Synopses & Reviews
A distinctive portrait of the crescendo moment in American history from the Pulitzer-winning American historian, Joseph Ellis.
The summer months of 1776 witnessed the most consequential events in the story of our country’s founding. While the thirteen colonies came together and agreed to secede from the British Empire, the British were dispatching the largest armada ever to cross the Atlantic to crush the rebellion in the cradle. The Continental Congress and the Continental Army were forced to make decisions on the run, improvising as history congealed around them. In a brilliant and seamless narrative, Ellis meticulously examines the most influential figures in this propitious moment, including George Washington, John Adams, Thomas Jefferson, Benjamin Franklin, and Britain’s Admiral Lord Richard and General William Howe. He weaves together the political and military experiences as two sides of a single story, and shows how events on one front influenced outcomes on the other.
Revolutionary Summer tells an old story in a new way, with a freshness at once colorful and compelling.
"In Revolutionary Summer, Joseph J. Ellis serves up the spirit of 1776 with sparkling prose, lucid analysis, and knowing portraits of Washington, Jefferson, Franklin, and Adams. Best of all, he captures the subtle and often complex interplay between the lofty rhetoric pouring forth from the Continental Congress in Philadelphia and the perilous plight of the Continental Army in New York. This invaluable addition to the rich literature of the Revolutionary War is a volume to savor, ponder, and simply enjoy." Ron Chernow, author of Washington, A Life
"Ellis once again demonstrates that a proper narrative of events, considered to be so well known as to present no puzzles, can exhibit the deep causes of the conflicts that forced men to war. His lucidity and insight make him the master story teller of the
Revolutionary moment." Edmund S. Morgan, author of Benjamin Franklin
"Joseph Ellis has once again liberated the American Revolution from powdered wigs and patriotic cant. Riding briskly through the summer of 1776, he portrays the birth of independence as untidy, improvised, and at times, miraculous. This is a lucid and revelatory read for novices and buffs alike." Tony Horwitz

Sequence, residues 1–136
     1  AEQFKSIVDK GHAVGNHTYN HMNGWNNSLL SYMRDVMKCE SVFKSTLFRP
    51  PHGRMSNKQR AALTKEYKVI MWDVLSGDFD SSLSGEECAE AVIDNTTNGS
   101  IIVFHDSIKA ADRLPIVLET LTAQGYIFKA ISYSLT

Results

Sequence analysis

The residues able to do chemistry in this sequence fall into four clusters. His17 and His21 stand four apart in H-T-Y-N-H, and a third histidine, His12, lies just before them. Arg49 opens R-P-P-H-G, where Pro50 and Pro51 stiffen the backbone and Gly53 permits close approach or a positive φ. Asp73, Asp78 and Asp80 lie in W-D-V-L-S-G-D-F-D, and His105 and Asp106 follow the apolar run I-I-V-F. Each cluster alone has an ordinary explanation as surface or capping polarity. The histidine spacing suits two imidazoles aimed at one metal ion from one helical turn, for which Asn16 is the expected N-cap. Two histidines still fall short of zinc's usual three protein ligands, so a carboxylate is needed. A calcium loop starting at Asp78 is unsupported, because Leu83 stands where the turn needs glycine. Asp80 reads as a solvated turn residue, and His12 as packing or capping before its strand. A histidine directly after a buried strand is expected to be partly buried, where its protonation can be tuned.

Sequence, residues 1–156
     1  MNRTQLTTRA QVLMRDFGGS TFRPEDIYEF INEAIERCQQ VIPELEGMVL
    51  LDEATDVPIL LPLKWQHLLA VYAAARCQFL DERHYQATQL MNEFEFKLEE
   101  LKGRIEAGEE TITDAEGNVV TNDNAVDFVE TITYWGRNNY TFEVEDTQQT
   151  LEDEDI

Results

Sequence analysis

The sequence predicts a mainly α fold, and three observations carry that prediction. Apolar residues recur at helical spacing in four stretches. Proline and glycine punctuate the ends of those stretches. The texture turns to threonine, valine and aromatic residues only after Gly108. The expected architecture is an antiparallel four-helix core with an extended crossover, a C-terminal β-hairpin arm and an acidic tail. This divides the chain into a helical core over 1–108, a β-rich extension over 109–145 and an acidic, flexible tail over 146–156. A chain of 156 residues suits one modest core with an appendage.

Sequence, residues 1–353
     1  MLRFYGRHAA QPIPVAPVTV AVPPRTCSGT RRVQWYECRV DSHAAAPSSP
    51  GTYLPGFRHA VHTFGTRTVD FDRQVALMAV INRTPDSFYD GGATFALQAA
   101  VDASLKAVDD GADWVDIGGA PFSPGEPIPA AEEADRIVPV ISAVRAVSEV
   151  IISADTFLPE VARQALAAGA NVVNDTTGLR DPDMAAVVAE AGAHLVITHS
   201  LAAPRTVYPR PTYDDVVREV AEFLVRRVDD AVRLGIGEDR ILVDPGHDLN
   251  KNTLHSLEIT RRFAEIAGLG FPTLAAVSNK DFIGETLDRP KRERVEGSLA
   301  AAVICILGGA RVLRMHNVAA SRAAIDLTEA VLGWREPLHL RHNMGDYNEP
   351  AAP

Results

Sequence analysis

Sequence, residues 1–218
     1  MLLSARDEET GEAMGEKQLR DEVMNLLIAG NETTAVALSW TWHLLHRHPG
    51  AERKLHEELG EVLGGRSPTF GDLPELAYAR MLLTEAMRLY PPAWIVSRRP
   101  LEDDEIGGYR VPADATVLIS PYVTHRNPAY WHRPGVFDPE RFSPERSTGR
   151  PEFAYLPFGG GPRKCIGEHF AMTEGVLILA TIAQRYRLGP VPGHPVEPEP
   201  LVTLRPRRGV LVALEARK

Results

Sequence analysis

"The definitive book on the revolutionary events of the summer of 1776. Ellis's prose is characteristically seductive, his insights frequent, his sketches of people and events captivating, and his critical facility always alive....Another brilliantly told story, carried along on solid interpretive grounds, by one of our best historians of the early nation." Publishers Weekly, starred review
"An insightful history." Kirkus, starred review
"With revolutionary-period expertise and extensive knowledge of the founders, Ellis contends that American independence was born during this 'long summer'....This thought-provoking, well-documented historical narrative is packed with insightful analysis." Library Journal
From the award-winning, preeminent American historian: a revelatory portrait of a crescendo moment in American history.
Joseph J. Ellis' focus: the summer of 1776, the most dramatic few months in the story of our country's founding. The thirteen colonies came together and agreed to secede from the British Empire. At the same time, the British dispatched the largest armada ever to cross the Atlantic; it cruised off the coast of Staten Island in early July. The Continental Congress and the Continental Army were forced to make decisions on the run, improvising as history congealed around them. In a brilliant and seamless narrative, Ellis weaves the political and military experiences as two sides of a single story, and shows how events on one front influenced outcomes on the other. Revolutionary Summer enlivens familiar historical events with a freshness at once revelatory and compelling.
About the Author
Joseph Ellis is the Pulitzer Prize-winning author of Founding Brothers
. His portrait of Thomas Jefferson, American Sphinx
, won the National Book Award. He lives in Amherst, Massachusetts, with his wife and their youngest son.